A Man Named Pearl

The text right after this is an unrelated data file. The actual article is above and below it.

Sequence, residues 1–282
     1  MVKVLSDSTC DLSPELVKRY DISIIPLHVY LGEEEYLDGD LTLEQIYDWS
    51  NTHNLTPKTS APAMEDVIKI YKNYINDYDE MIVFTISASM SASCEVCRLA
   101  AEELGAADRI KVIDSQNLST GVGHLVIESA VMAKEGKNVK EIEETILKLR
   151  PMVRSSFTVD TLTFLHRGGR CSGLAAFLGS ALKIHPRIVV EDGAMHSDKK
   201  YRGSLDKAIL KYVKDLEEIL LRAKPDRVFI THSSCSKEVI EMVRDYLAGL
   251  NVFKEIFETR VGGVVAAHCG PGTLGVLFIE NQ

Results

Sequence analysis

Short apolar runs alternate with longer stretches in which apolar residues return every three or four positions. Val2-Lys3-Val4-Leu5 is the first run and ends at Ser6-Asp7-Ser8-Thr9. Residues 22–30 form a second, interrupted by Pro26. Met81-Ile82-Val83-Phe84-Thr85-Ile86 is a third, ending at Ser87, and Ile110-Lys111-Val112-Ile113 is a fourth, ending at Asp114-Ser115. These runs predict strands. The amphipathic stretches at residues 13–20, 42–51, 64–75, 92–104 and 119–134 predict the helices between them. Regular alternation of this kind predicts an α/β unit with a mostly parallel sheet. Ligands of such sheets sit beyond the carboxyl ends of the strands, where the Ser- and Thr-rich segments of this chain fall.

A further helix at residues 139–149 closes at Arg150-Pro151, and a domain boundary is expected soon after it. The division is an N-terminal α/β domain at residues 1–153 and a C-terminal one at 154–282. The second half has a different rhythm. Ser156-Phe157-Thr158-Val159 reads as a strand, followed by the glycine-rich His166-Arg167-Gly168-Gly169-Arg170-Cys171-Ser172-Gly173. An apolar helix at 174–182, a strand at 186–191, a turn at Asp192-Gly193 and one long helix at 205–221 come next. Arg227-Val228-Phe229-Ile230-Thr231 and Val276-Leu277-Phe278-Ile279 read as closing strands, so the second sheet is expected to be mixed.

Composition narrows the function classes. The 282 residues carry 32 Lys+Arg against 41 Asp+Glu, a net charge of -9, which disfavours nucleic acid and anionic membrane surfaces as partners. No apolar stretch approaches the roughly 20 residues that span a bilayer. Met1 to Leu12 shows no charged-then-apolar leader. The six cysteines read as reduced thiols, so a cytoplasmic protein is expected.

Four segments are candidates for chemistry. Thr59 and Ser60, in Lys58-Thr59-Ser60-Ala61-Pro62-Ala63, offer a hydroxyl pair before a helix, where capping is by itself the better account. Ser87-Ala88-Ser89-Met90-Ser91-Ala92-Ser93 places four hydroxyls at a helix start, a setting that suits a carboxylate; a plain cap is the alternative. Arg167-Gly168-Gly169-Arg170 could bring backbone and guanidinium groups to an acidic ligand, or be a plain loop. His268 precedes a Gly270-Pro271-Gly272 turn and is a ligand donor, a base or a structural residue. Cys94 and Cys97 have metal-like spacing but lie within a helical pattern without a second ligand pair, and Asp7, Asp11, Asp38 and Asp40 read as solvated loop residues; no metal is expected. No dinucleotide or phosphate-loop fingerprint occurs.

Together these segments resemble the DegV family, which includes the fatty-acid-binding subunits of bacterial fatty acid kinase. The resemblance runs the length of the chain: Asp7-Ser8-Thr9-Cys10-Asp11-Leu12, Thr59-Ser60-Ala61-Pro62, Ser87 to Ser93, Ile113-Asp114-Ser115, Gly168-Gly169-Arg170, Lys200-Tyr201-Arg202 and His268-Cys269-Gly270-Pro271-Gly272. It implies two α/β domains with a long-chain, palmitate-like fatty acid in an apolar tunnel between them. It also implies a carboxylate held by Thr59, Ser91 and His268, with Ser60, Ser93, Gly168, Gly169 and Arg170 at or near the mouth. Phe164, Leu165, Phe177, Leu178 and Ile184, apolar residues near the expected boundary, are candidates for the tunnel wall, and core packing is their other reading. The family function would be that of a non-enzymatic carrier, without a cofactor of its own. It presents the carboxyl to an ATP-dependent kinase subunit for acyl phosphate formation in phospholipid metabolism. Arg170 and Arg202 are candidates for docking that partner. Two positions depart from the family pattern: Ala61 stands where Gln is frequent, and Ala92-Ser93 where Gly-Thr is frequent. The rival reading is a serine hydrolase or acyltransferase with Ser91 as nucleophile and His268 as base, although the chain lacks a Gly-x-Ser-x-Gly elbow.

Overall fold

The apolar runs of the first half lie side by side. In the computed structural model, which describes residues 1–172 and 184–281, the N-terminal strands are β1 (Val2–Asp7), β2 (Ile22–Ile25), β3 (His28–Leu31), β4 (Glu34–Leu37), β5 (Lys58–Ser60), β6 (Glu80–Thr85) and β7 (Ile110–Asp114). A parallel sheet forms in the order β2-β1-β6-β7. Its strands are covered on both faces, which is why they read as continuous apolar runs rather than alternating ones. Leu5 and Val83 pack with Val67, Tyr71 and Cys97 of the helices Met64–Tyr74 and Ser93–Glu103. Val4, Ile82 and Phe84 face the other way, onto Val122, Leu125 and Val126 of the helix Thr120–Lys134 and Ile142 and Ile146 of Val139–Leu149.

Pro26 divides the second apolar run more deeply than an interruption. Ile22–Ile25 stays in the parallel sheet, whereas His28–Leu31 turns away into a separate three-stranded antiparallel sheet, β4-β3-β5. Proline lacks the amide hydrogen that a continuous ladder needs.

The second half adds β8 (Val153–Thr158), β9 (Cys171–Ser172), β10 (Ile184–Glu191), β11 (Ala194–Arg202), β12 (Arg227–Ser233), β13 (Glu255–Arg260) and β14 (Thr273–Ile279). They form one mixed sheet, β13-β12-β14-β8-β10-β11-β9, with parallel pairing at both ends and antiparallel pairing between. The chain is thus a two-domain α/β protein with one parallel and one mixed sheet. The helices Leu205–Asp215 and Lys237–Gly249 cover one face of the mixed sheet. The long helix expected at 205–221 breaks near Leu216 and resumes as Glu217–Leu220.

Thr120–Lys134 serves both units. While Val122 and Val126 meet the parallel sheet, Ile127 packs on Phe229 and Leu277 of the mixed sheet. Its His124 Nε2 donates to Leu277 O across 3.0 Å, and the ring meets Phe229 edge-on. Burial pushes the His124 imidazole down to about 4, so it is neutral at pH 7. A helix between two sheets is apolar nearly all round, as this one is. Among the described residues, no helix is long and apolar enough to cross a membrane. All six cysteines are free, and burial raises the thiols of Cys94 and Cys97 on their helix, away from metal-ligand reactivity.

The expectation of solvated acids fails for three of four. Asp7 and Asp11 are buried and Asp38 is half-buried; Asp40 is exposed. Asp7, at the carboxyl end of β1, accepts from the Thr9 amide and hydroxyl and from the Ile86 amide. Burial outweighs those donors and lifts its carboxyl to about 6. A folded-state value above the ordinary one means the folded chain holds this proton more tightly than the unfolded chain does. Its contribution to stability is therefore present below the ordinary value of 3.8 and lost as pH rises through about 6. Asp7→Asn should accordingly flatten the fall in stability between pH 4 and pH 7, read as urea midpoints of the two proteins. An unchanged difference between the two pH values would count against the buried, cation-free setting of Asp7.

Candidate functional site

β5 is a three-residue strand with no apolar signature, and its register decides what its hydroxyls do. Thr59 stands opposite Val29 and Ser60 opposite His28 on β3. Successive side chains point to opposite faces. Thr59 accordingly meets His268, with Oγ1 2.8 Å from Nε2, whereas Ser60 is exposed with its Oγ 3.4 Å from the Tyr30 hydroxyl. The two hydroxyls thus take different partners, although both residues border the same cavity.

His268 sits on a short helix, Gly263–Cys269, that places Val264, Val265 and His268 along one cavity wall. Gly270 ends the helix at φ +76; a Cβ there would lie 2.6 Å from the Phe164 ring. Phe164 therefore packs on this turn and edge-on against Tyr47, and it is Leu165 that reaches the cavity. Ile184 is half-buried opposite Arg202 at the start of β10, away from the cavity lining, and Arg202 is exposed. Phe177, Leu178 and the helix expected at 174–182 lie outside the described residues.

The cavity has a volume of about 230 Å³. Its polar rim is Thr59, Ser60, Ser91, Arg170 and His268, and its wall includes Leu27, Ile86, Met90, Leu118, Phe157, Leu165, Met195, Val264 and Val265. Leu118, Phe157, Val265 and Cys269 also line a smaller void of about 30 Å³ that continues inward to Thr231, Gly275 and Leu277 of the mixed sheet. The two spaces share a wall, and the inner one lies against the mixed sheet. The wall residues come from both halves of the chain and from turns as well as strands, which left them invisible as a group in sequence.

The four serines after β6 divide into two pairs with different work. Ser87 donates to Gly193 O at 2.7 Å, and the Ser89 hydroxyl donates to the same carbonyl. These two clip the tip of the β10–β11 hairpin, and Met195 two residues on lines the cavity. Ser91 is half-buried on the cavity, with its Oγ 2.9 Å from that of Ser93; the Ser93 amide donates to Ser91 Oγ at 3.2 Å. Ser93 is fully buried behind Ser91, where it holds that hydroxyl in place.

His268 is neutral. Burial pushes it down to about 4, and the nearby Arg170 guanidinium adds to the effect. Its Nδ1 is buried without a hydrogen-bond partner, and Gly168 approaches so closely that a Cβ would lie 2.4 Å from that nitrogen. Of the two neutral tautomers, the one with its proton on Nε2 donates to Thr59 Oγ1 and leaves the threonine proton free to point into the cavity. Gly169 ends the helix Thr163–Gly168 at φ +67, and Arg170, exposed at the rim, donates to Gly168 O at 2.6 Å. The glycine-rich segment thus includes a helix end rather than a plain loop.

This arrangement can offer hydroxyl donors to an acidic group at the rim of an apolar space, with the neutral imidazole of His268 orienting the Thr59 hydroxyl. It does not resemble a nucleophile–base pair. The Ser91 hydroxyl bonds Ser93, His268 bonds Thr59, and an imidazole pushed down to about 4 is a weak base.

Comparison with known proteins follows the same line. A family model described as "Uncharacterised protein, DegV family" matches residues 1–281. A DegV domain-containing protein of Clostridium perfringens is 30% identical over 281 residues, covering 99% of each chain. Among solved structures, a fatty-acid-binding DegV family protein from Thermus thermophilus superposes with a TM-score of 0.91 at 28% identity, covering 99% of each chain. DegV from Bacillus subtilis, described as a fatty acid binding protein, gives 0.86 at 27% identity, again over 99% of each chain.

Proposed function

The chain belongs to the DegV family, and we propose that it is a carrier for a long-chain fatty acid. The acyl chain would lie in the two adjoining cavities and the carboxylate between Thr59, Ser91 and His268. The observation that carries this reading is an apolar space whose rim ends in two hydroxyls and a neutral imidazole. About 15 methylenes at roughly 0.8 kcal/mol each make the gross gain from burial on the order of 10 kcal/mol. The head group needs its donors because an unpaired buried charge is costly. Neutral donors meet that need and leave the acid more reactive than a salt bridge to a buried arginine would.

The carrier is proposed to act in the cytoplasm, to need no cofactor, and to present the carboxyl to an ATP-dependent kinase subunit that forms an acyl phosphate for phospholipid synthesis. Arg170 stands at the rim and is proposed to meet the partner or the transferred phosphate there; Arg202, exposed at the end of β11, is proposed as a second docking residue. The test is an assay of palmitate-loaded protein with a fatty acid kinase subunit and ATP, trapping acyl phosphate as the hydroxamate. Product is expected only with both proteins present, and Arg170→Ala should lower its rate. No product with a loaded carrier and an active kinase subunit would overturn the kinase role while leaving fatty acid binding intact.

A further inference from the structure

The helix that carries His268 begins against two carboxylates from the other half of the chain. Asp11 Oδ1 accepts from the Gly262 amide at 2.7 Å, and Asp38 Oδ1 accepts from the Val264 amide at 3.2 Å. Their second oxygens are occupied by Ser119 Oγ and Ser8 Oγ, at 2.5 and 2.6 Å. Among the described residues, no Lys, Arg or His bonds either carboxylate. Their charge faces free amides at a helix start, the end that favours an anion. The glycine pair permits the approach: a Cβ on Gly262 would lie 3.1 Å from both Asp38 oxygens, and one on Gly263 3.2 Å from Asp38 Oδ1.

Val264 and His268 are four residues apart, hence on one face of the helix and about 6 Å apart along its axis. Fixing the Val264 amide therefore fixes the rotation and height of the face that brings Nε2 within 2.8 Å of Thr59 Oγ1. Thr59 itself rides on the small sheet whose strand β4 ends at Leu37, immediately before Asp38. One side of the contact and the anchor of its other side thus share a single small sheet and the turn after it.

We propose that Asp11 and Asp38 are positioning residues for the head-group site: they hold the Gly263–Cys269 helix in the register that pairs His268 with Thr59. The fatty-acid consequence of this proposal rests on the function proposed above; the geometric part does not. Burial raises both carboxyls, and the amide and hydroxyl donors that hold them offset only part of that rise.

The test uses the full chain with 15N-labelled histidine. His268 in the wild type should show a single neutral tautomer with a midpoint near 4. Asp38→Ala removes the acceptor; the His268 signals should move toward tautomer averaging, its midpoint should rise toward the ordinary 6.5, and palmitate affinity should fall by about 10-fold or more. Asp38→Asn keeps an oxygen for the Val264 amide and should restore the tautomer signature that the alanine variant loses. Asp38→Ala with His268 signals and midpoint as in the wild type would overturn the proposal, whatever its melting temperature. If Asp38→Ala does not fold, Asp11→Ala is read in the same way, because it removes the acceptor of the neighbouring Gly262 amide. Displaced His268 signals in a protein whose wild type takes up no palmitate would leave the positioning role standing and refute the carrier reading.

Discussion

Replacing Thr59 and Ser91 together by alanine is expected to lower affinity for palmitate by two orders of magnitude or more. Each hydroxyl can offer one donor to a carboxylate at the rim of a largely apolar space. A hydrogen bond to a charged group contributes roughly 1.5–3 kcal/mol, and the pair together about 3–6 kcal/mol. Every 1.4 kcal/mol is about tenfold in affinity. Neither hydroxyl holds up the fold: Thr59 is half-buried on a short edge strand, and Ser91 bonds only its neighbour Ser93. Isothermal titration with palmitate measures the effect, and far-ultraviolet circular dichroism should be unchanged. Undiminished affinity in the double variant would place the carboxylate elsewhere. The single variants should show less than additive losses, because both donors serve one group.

Over the last twenty years we've shown quite a few below the radar documentaries. Many of them are great films. Today's Rialto Recommends is one of those films. We presented A MAN NAMED PEARL in the summer of 2008. A MAN NAMED PEARL tells the inspiring story of self-taught topiary artist Pearl Fryar. It is a subtle and intriguing film that is certain to open hearts and minds. It offers an upbeat message that speaks to respect for both self and others, and shows what one person can achieve when he allows himself to share the full expression of his humanity. The Los Angeles Times raved "A Man Named Pearl not only makes you want to get out there and play Edward Scissorhands but can, at least for its 78 jazz-and-gospel infused minutes, help replenish one's faith in humanity." While the New York Times said "Assembled without frills or fuss, A Man Named Pearl is as much a portrait of a small Southern town as of an unassuming black folk artist." A MAN NAMED PEARL wasn't released by a big studio or a big studio affiliated arthouse label. It was released by a indie distributor based in Waterville, Maine - our friends at Shadow Distribution who have championed many beloved films that we've shown over the years including The Wild Parrots of Telegraph Hill. A MAN NAMED PEARL is streaming exclusively on Hoopla HERE.